PERDIDO KEY, Fla. (TheBlaze/AP) -- Talk about an unconventional church. On a balmy Sunday morning at the Flora-Bama Lounge, Package and Oyster Bar, barkeeps set up their stations as churchgoers filtered in under a Jack Daniels banner.
The iconic bar, which sits on the Florida and Alabama state line, is famous for its annual mullet-tossing contest -- patrons gather on the beach and throw dead fish from Alabama into Florida.
Bikini contests, bar brawls and drink specials are the day-to-day business of the beach bar that calls itself "America's last roadhouse."
But for one hour every Sunday, the Flora-Bama is home to about 450 regular congregants of Worship at the Water, an outreach service of the Perdido Bay United Methodist Church. More than 1,100 filled the place on Easter Sunday.
Bible study is in the upstairs bar.
If Jesus returned to Earth, he'd probably kick back at the Flora-Bama, said Jack de Jarnette, a founding pastor of the church.
"It's the sort of place he often went and hung out with people," he said. "When you cannot get people to come to church, the alternative is to bring the church to them."
A band in tie-dyed T-shirts played Curtis Mayfield's "People Get Ready," as parishioners gathered underneath an awning adorned with rows of Land Shark beer flags on a recent Sunday. Most wore flip-flops and shorts, but some wore swimsuits.
"If you look closely, you might see a few of the churchgoers having a Bloody Mary or a bushwhacker," longtime bar employee Blitz Poston said. "It's really a wonderful thing that brings together people from all walks of life."
Offerings are collected in neon tackle boxes placed throughout the bar.
Pastor Jeremy Mount wears Mardi Gras beads, shorts, sandals and T-shirt that is fringed around the sleeves.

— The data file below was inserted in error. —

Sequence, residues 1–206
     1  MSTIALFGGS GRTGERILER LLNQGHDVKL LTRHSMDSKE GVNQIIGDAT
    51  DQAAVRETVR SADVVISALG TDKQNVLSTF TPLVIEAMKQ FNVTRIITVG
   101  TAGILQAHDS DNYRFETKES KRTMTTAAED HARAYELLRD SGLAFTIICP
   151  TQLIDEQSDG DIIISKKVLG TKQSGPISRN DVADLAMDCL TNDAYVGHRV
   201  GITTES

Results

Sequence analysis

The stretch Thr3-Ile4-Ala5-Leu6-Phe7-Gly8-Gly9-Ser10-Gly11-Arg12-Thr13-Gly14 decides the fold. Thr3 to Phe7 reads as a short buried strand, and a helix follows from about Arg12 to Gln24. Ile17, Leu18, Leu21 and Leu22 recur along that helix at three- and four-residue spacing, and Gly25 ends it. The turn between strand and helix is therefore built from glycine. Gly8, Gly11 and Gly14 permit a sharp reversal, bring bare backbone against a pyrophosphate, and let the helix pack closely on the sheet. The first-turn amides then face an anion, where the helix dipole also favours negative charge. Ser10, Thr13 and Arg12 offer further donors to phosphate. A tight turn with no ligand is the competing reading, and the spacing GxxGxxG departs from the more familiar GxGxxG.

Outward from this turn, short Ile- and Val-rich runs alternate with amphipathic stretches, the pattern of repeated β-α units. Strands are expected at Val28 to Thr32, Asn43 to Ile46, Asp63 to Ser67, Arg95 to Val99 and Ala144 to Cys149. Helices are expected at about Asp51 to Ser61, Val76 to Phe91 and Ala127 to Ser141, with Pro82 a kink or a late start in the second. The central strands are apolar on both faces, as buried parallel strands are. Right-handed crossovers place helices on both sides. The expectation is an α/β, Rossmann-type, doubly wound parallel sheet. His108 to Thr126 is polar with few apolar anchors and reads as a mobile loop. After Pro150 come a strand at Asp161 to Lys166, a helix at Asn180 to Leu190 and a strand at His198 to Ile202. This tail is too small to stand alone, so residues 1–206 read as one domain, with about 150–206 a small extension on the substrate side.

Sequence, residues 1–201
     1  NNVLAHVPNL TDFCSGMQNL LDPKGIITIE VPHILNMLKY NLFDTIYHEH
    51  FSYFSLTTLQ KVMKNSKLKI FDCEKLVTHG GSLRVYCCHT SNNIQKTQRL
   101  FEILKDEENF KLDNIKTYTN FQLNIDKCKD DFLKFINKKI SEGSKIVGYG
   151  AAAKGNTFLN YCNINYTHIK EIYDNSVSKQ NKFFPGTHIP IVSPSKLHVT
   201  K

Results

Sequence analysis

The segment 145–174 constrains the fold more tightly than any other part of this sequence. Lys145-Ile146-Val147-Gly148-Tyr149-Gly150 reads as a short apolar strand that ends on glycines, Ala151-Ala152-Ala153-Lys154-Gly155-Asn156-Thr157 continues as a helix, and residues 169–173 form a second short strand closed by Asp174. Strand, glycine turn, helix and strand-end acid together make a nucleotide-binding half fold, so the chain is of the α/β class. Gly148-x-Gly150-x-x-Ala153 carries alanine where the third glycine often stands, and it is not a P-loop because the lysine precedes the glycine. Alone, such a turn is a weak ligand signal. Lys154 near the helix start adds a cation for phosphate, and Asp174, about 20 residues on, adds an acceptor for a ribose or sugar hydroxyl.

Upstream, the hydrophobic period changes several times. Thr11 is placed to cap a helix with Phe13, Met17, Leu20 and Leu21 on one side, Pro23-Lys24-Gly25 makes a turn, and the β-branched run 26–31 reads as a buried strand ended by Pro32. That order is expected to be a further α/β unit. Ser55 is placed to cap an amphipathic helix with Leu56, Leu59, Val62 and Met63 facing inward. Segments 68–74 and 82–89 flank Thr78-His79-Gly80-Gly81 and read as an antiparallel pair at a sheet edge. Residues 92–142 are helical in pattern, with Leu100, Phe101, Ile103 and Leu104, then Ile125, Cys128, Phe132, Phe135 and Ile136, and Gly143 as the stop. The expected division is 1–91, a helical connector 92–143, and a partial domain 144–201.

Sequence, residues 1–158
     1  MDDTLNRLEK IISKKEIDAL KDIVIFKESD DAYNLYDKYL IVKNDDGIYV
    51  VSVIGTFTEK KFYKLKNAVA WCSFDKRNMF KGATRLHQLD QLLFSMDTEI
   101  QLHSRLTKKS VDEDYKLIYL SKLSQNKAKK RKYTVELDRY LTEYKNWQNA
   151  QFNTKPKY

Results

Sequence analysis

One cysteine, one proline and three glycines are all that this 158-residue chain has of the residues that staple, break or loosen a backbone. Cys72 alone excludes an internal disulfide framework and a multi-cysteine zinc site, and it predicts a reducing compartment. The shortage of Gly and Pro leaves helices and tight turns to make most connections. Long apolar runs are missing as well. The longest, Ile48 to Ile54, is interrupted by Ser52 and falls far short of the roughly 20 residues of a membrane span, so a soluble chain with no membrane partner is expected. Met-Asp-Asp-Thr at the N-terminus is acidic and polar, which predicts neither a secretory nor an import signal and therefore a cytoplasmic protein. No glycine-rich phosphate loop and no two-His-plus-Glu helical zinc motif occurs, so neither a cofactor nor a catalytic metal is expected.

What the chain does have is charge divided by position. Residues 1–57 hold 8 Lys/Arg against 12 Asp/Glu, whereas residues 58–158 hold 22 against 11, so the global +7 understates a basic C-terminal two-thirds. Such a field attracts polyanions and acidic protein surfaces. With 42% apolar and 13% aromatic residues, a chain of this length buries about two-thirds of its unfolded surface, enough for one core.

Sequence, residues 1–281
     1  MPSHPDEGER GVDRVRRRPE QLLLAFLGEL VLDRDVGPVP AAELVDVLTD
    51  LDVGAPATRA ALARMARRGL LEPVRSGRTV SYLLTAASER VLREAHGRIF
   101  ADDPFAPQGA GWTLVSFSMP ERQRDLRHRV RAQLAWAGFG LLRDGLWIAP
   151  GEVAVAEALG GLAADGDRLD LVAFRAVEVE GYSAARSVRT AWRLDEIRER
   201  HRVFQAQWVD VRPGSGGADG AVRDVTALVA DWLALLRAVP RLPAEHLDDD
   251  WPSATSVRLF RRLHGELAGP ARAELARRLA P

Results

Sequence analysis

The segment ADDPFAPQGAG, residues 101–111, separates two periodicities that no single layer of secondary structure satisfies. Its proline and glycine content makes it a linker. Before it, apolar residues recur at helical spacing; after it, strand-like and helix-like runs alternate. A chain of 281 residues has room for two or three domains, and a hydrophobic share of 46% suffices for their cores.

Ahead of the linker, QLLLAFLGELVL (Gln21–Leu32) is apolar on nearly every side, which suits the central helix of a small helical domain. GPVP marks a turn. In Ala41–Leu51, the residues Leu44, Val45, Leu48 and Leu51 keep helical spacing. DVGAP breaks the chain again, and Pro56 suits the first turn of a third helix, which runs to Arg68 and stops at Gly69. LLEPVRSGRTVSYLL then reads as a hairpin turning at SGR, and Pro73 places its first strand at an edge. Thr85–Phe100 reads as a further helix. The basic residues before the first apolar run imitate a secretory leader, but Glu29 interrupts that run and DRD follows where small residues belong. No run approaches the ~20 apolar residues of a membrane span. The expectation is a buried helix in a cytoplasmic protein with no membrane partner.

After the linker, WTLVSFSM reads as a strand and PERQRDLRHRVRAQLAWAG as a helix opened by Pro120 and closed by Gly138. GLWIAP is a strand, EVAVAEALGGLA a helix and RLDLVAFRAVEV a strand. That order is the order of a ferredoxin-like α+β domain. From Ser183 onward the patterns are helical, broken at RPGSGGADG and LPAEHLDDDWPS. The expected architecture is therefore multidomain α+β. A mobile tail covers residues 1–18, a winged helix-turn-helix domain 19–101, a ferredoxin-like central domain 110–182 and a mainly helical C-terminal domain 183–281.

"There are seven places to drink and no place to worship God on this key," he said. "We feel like God has called us here to be a ministry. Where would there ever be a better place than the world-renown Flora-Bama?"
His sermon is one of redemption and hope, followed by a communion with bread and grape juice instead of wine.
Many members of his flock were regular churchgoers before they started attending the Flora-Bama service. Others have become regulars because they like the unique setting, Mount said.
"Some had never been to church, ever, but they felt so comfortable here in the Flora-Bama," he said.
Church member Paul Holland is a longtime fan of the Flora-Bama, which he says is a five-star honky-tonk filled with top-shelf rednecks. He has become an even bigger fan of the church service.
Here's a trailer for the restaurant (not the church):
"I don't want to be judged because I don't have a three-piece-suit and I don't drive a brand-new car and this is that kind of church -- they don't judge you. I feel like I'm more welcome in this church than any I've ever attended in my life," he said.
The service is just a year old, starting on July 4, 2011.
Church volunteer Joye Fletcher was baptized behind the Flora-Bama in the Gulf of Mexico during Worship at the Water's first anniversary.
"It's just an awesome spirit-led service," she said.
The service is often a surprise for the tourists who flock to the strip of snow-white sand and turquoise water during the summer months, said Bruce Barrios, the bar's Sunday manager.
"We have so many people in from out of town. We have people come in and when they see we are having church they pick up a Bloody Mary, a bushwhacker or a soft drink, sit down and listen to the sermon. It's really cool, you know, it's unique."
The appeal of the service for church member John Mason-Smith is that everyone is welcome.
"This is a place I can go and learn about God without all the constraints," he said. "It is a place that people who aren't going to church feel welcome and that's what we love about the Flora-Bama - you could be next to a guy who is down on his luck and the guy next to him is a millionaire. That's the Flora-Bama."